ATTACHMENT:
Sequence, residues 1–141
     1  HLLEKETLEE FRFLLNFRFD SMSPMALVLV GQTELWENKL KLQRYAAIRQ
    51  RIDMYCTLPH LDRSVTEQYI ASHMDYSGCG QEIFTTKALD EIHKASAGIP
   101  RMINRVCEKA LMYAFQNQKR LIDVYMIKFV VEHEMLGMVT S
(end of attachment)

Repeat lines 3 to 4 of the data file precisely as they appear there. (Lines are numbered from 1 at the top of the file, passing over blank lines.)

    51  RIDMYCTLPH LDRSVTEQYI ASHMDYSGCG QEIFTTKALD EIHKASAGIP
   101  RMINRVCEKA LMYAFQNQKR LIDVYMIKFV VEHEMLGMVT S